MLB: 5 Reasons the Red Sox Will Win the AL East
The Boston Red Sox were a pretty big disappointment in 2015, with several of their new players experiencing injury and effectiveness problems. But there is hope on the horizon, with Spring Training in full swing and players returning to health and preparing for the regular season. The Sox were busy this offseason, with new general manager Dave Dombrowski filling holes in the bullpen and starting rotation. But the AL East has other good teams remaining, so it won’t be a cakewalk for the Red Sox to win the division in 2016. Regardless, here are the five reasons why they will win.
5. Hanley Ramirez will bounce back
Hanley Ramirez had his worst season since 2011 when he was still with the Miami Marlins. In the last two-and-a-half seasons with the Los Angeles Dodgers, Ramirez hit .299/.368/.506 in 1,120 plate appearances with 43 home runs. Last year, he hit just .249/.291/.426 in 430 plate appearances with the Red Sox. To think he will continue to hit extremely poorly at just the age of 32 would be a bad assumption.
There are questions, however, of how Ramirez will perform on the defensive side. He was a dumpster fire in left field last year after switching from third base. But he’s playing at first base this year, and the early look says he will likely be a passable first baseman while he waits for David Ortiz to clear out the designated hitter spot.
4. Better overall health
Ramirez, Dustin Pedroia, Clay Buchholz, Pablo Sandoval, and others missed various amounts of time last season due to injuries. All teams deal with health issues over the course of each season, but there’s no arguing that the Red Sox were hit particularly hard when it came to the players they relied missing time. As of now, all of those guys are currently healthy, and while you can certainly argue whether or not Buchholz will stay that way (and if Sandoval might perform up to expectations), it’s important that they have everyone at their disposal.
If Sandoval doesn’t perform, he could see himself replaced at third base by Travis Shaw or diminished in his role to just hitting against right-handed pitchers — against whom he hit .266/.317/.427 last season. Pedroia, who only played 93 games last year, is one of the most valuable players on the team and doesn’t generally carry a ton of injury risk. If the Sox can remain healthy, they will be in good shape for the upcoming season.
3. The rest of the division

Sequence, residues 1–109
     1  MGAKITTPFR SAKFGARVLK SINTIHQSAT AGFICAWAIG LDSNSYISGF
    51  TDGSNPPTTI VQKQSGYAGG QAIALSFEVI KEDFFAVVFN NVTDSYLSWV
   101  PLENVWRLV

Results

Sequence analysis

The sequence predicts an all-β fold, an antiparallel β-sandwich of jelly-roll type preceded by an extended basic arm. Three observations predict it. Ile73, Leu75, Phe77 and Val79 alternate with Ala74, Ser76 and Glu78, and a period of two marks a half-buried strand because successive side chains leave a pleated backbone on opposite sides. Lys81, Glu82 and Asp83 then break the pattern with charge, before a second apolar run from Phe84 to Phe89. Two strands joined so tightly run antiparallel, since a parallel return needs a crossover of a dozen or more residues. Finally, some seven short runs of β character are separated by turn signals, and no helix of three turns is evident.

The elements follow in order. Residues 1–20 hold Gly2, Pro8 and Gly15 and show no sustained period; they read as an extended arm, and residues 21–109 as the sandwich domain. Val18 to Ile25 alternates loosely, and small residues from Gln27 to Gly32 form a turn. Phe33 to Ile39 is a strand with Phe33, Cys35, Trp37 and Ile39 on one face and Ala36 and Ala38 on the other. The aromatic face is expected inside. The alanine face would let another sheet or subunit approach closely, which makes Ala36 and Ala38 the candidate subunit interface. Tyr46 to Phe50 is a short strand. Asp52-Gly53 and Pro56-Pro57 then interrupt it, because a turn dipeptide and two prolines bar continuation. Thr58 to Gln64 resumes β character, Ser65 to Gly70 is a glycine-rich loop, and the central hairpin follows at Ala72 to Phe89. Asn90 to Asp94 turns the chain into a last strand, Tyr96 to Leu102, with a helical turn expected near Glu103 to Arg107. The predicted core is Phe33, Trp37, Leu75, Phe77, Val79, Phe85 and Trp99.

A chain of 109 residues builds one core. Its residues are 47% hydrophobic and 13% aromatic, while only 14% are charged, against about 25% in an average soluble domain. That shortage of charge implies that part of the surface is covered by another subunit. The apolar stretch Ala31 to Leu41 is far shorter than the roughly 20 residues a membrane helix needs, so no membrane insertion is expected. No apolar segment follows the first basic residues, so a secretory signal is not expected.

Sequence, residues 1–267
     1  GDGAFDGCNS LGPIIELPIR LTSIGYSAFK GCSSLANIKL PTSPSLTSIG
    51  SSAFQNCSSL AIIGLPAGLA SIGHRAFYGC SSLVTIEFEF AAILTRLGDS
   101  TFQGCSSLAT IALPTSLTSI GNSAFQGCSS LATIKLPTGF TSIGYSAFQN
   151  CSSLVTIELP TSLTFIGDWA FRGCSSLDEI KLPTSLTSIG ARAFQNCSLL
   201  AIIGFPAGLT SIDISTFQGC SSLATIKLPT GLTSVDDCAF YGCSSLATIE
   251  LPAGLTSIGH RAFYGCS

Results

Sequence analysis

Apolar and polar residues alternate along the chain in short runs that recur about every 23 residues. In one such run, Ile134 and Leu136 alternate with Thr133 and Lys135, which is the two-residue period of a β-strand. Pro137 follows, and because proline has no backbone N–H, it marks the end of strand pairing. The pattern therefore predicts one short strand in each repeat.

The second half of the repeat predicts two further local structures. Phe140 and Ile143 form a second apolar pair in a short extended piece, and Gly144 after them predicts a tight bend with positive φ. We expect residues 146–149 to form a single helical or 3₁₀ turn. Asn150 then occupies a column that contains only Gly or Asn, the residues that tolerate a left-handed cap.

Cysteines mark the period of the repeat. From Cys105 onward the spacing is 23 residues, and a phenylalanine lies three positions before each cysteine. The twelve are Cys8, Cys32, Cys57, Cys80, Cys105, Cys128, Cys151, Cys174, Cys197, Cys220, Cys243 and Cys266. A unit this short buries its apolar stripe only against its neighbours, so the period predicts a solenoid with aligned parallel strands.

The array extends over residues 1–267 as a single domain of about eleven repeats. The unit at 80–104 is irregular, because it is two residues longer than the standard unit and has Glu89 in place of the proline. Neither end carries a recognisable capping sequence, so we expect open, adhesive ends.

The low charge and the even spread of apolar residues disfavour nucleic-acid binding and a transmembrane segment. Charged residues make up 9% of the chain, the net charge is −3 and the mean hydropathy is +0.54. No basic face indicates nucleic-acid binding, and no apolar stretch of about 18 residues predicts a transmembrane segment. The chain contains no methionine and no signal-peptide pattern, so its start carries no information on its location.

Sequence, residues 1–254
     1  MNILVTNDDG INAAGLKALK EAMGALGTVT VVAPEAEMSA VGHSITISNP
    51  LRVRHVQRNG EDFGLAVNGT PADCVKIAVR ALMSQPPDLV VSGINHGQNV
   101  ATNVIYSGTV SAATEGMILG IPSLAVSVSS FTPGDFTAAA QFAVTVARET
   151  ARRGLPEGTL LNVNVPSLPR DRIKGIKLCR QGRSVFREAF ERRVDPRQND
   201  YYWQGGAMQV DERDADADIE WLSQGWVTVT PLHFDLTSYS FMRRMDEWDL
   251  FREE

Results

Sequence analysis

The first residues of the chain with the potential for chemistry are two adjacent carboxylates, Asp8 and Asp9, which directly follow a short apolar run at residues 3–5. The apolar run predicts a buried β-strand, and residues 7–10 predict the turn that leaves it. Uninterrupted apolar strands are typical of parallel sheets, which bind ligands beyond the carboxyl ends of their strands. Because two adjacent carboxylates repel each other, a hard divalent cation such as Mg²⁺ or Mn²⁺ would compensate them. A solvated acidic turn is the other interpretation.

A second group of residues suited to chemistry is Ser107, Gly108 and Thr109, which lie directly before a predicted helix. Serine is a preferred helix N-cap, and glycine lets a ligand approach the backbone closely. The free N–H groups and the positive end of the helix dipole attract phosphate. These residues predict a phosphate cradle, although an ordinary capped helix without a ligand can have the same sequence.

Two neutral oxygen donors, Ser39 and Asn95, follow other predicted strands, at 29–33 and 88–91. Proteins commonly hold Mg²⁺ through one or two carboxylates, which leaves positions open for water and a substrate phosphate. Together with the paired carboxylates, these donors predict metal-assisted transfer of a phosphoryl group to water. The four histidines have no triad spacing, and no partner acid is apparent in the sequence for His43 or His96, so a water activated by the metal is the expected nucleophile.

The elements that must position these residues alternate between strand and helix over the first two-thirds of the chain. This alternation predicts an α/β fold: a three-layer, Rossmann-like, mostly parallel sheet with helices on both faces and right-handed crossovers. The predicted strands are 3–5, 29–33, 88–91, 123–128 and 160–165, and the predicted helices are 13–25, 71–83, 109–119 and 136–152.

Outside of the Sox, the AL East didn’t get a whole lot better during the offseason. The Toronto Blue Jays lost their best pitcher (more on that in a minute); the New York Yankees did little other than continue to age; the Tampa Bay Rays made some shrewd moves but it’s hard to tell what to make of the team beyond a good, deep rotation; and the Baltimore Orioles had a terrible offseason and will likely finish in last place in the division.
The major competition in the division will be Toronto, who has the best lineup in all of baseball but also has a ton of questions on the pitching side. The Blue Jays are the reigning division champ, having won 93 games last season and advanced to the ALCS. But the Red Sox won 78 games, despite all their problems, and there could be a big swing coming.
2. David Price and the revamped pitching staff
As alluded to, the Red Sox went out and caught the big fish on the free agent market, starting pitcher David Price. Not only did they improve themselves, but in the process they also damaged their chief rival in the division because Price had been with Toronto. Over the last three seasons, Price posted a 3.01 ERA in 655 1/3 innings pitched, striking out 8.9 batters per nine innings while only walking 1.5. Those are ace-like numbers, and he’s only 30 years old.
An ace at the top of the rotation is a big thing the Red Sox have lacked since trading Jon Lester to the Oakland A’s. Price pushes Buchholz back to the No. 2 spot, with Rick Porcello — who they hope will have a return to his normal numbers after a down 2015 — and Eduardo Rodriguez filling in the No. 3 and No. 4 spots. Boston also acquired closer Craig Kimbrel from the San Diego Padres, in addition to shutdown setup man Carson Smith, who came over from the Mariners. That should help the Sox improve on their team 4.24 bullpen ERA from last season.
1. The kids can play
The Red Sox have plenty of kids in their lineup, and they’re a talented bunch. Xander Bogaerts is only 22 years old and hit .320/.355/.421 last season. Mookie Betts is 23 and also had an outstanding year in 2015, hitting .291/.341/.479 last season. Jackie Bradley Jr., Rusney Castillo, Henry Owens, and Rodriguez didn’t get to play in Boston all year, for various reasons, but they all have talent and the Red Sox are thrilled about seeing what they can do this year. The combination of young talent with the veteran leadership of guys like Ortiz, Ramirez, Pedroia, Sandoval, and others, the Sox could have a strong lineup.
When you consider the upgrades to the pitching — both in adding Price and the changes in the bullpen — as well as the inevitable bounce-back you can expect from some of the players who had the worst seasons of their career last season, things are looking good for Boston. With the Yankees, Orioles, and Rays not expected to finish much over .500 at best, it’s not hard to see the Red Sox winning somewhere around 90 games and pushing Toronto to second place in 2016.
Follow Ryan on Twitter @RyanDavisBP.
Statistics courtesy of Baseball-Reference.com.